2014_Fireworks 5

If you’re a big fan of fireworks, you’re in luck this year! The big displays in the city are spread out over the course of a week, meaning you could don your hat, scarf and gloves to witness the bright lights on several nights.

Here are some of the bigger fireworks displays taking place in Edinburgh this year – and all the advice is to go to an organised display rather than risk injury by organising your own.

Hopetoun House (South Queensferry) – October 29th, 4pm-8pm

The firework display at Hopetoun House is taking place quite early this year, but as it’s on a Saturday, it’s a great opportunity for a day out. This is a good family-friendly event, complete with bonfire, tasty food stalls, and plenty of other entertainment. The fireworks are due to start at 6.30pm, and be sure to get your tickets in advance online at Hub Tickets, or by calling 0131 473 2000.

Scottish Love in Action sla-a4-poster_463are holding two charity fireworks events in Edinburgh this November.

George Heriot’s Playing Fields (Inverleith Row) – November 4th, 6.30pm – 7.45pm

This event is being run by SLA (Scottish Love in Action), and the night will include music, a parade, a fire circus theatre, and plenty of food and drink. This one is on a Friday night, but is relatively close to the city centre and with plenty of options for parking, so should be accessible after work and school. Again, make sure to book your tickets in advance at Eventbrite.

George Watson’s Rugby Ground (Myreside Road EH10 5DB – November 6th, Two shows one at 4.:30 one at 6:30pm

There will be a pipe band and a costume parade, and the Edinburgh Mela Bollywood Dancers will delight audiences. Tickets here.

Meadowbank – November 5th, 6pm-8pm

Bonfire Night itself is the night for the Meadowbank firework display! If you want to head out for a big show on the big night, this is the place to be. There’ll be plenty of entertainment – inkeeping with this year’s theme of sci-fi – before the big firework display at 7.30pm. Get your tickets online at Ticketsource.

If you aren’t keen on going to a specific event, there are plenty of vantage points around the city to watch the fireworks on Bonfire Night. Calton Hill, Arthur’s Seat and the Meadows are just some of these – but be sure to keep safe if you’re climbing up high, take a torch for coming back down and stay warm!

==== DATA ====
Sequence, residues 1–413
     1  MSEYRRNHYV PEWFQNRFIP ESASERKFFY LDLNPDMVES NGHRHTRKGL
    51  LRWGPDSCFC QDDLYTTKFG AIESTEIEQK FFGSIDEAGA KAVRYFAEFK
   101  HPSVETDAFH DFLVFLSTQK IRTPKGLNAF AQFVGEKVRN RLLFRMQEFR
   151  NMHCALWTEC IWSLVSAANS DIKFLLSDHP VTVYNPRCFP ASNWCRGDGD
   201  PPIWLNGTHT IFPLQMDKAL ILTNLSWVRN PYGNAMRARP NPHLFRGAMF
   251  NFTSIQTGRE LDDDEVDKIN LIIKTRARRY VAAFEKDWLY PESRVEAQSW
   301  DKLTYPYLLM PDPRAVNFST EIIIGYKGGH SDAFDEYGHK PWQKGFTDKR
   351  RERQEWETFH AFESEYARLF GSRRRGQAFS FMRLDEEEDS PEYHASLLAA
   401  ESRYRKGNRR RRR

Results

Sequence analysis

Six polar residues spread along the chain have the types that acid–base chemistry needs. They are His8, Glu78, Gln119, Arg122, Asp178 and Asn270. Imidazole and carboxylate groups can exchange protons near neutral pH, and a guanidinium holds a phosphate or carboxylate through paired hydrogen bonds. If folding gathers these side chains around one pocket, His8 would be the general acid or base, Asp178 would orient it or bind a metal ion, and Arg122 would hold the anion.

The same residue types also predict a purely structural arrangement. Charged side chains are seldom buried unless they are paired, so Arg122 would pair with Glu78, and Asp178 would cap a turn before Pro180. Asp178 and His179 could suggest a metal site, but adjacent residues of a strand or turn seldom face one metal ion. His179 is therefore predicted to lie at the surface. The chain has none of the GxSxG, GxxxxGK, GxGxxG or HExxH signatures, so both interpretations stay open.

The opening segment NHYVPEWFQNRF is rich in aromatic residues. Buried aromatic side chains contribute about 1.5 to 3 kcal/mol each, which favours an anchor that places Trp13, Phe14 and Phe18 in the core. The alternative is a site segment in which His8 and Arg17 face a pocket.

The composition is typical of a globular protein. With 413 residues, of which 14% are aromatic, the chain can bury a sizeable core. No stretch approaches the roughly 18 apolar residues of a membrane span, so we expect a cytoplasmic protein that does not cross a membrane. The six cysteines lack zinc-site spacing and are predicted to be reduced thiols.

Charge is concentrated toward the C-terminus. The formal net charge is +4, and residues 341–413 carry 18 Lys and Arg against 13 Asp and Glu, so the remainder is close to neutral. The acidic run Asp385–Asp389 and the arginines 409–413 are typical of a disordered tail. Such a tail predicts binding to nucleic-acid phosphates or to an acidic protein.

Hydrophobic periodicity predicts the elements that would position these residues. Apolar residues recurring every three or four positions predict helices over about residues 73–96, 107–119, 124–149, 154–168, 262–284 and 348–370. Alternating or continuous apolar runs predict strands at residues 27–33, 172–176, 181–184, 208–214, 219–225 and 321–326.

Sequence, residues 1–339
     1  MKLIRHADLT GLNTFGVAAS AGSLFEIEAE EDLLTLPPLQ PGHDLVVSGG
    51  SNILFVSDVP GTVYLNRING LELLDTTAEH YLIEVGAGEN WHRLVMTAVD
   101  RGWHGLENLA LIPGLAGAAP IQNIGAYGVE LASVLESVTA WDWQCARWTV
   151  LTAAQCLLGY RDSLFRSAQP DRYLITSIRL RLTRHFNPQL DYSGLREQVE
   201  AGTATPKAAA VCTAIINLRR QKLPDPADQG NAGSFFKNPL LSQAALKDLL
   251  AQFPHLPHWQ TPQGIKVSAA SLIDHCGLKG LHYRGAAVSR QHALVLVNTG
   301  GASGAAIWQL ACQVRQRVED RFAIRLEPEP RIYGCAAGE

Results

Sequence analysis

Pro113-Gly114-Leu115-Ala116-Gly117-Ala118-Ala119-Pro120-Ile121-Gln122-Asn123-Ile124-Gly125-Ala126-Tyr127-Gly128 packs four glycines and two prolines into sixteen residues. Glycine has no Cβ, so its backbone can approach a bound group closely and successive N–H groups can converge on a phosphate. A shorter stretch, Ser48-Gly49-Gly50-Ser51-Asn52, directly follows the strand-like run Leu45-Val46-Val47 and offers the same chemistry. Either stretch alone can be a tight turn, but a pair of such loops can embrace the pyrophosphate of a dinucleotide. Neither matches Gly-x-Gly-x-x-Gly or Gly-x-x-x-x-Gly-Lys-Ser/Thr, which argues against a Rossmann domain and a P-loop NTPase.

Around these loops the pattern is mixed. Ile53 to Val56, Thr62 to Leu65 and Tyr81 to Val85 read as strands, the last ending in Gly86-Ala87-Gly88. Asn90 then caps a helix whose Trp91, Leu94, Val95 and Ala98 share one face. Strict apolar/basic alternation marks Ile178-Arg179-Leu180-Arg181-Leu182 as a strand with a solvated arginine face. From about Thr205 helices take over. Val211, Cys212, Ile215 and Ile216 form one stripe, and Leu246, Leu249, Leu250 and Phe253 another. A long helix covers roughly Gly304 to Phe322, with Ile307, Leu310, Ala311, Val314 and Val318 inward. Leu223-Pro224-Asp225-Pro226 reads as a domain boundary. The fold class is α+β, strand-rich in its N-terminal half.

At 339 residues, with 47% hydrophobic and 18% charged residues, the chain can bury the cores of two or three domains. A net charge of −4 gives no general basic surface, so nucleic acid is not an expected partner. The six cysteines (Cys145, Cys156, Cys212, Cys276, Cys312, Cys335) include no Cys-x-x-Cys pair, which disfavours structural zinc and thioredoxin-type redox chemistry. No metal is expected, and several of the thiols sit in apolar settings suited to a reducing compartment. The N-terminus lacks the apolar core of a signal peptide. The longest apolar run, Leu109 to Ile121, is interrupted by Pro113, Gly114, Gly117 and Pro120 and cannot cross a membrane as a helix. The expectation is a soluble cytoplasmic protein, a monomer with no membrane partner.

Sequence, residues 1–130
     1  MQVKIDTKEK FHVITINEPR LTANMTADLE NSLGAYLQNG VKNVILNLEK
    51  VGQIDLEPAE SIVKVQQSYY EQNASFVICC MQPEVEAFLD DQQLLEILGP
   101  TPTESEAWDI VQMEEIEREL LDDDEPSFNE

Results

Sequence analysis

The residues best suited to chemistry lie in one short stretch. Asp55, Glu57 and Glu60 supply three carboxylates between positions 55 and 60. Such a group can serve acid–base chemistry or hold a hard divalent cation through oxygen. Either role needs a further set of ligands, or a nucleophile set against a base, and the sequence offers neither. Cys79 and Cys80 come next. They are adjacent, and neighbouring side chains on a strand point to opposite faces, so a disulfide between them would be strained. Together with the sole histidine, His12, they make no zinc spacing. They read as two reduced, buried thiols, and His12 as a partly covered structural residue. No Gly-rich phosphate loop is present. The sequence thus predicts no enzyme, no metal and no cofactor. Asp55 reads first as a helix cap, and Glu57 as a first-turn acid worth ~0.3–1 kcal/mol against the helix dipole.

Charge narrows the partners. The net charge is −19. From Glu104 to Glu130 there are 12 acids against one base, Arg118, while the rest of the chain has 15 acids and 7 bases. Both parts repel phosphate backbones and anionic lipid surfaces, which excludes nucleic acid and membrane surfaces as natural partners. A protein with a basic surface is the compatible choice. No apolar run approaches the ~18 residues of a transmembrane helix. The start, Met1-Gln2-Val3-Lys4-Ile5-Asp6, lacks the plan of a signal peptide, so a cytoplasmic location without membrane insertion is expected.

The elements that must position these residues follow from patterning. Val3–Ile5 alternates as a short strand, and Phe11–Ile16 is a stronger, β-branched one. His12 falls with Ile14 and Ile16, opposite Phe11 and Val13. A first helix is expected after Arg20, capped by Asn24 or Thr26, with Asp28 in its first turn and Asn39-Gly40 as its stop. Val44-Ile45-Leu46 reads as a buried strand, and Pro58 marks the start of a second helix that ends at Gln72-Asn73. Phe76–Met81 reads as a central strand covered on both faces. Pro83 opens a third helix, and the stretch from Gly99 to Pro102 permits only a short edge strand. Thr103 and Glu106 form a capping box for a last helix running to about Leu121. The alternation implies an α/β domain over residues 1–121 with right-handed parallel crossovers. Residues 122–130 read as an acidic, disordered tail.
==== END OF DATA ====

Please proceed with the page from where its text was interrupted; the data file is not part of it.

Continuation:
Samhuinn Fire Festival 2016

And for something a little different there is the Samhuinn Fire Festival 2016 on 31 October. This begins on The Royal Mile and the procession ends at West Parliament Square. All the proceedings start at 9pm and you don’t need a ticket but you are invited to make a donation to the organisation.

The organisation explains: “Our Samhuinn celebration takes place in Edinburgh’s Old Town which has historic significance as a site of ancient markets and All Hallows fairs, street theatre and performances (especially of the Galoshan plays from which our performance takes its structure). It is also an opportunity for us to bring our form of street theatre and performance right into the heart of the city. Samhuinn has grown steadily over the years and is viewed by audiences of thousands.”


Families are welcome but there is also a Family Samhuinn event on Saturday 29 October. More details here.

The Scottish Fire & Rescue Service issue this advice on attending bonfires:

Bonfire Safety Advice

Advice from the Scottish Fire and Rescue Service is to attend a safely organised bonfire and firework display. However if you must have a bonfire at home make sure it is well away from buildings, vehicles, trees, hedges, fences, power lines, telecommunications equipment and sheds  – and you must ensure that smoke does not cause a nuisance to neighbours or flying embers endanger neighbouring property.

  • Never drink alcohol if you are tending a bonfire or setting off fireworks – remember it is an offence to consume alcohol in a public place.
  • To reduce the emission of harmful smoke and combustion products bonfires should comprise of untreated wood and paper based materials only.
  • There is a danger of explosion from pressurised containers or sealed vessels amongst bonfire material or irresponsibly thrown on burning bonfires.
  • Never throw fireworks on bonfires.
  • Never use flammable liquids to ignite bonfires – use proprietary fire lighters.
  • Smoke from bonfires must not pose a public nuisance, affect visibility on roads or otherwise inconvenience vehicles.
  • Sparks, flying embers or burning debris must not endanger nearby property.
  • Never leave a burning/smouldering bonfire unsupervised – make sure it is completely extinguished.

Any bonfire failing to satisfy safety conditions or where people are behaving irresponsibly may be deemed dangerous and as such, subject to being either removed, extinguished or otherwise made safe.